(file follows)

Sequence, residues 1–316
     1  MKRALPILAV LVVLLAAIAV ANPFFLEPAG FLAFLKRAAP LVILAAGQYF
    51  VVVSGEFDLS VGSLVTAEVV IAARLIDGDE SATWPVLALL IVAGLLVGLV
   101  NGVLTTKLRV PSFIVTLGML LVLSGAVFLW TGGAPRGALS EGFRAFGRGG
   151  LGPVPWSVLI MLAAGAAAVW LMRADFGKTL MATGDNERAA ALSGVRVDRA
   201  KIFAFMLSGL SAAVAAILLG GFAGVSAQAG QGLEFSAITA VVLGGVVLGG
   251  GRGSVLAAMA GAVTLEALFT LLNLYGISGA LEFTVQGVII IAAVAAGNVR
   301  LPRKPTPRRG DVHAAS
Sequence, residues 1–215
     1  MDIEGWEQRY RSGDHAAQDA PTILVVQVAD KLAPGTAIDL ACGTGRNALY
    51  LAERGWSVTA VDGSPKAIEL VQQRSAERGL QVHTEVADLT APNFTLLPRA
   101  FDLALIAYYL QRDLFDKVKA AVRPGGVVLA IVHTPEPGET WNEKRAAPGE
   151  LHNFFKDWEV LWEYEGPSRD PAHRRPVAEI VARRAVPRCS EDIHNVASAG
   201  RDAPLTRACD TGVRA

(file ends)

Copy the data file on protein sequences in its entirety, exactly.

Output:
Sequence, residues 1–316
     1  MKRALPILAV LVVLLAAIAV ANPFFLEPAG FLAFLKRAAP LVILAAGQYF
    51  VVVSGEFDLS VGSLVTAEVV IAARLIDGDE SATWPVLALL IVAGLLVGLV
   101  NGVLTTKLRV PSFIVTLGML LVLSGAVFLW TGGAPRGALS EGFRAFGRGG
   151  LGPVPWSVLI MLAAGAAAVW LMRADFGKTL MATGDNERAA ALSGVRVDRA
   201  KIFAFMLSGL SAAVAAILLG GFAGVSAQAG QGLEFSAITA VVLGGVVLGG
   251  GRGSVLAAMA GAVTLEALFT LLNLYGISGA LEFTVQGVII IAAVAAGNVR
   301  LPRKPTPRRG DVHAAS
Sequence, residues 1–215
     1  MDIEGWEQRY RSGDHAAQDA PTILVVQVAD KLAPGTAIDL ACGTGRNALY
    51  LAERGWSVTA VDGSPKAIEL VQQRSAERGL QVHTEVADLT APNFTLLPRA
   101  FDLALIAYYL QRDLFDKVKA AVRPGGVVLA IVHTPEPGET WNEKRAAPGE
   151  LHNFFKDWEV LWEYEGPSRD PAHRRPVAEI VARRAVPRCS EDIHNVASAG
   201  RDAPLTRACD TGVRA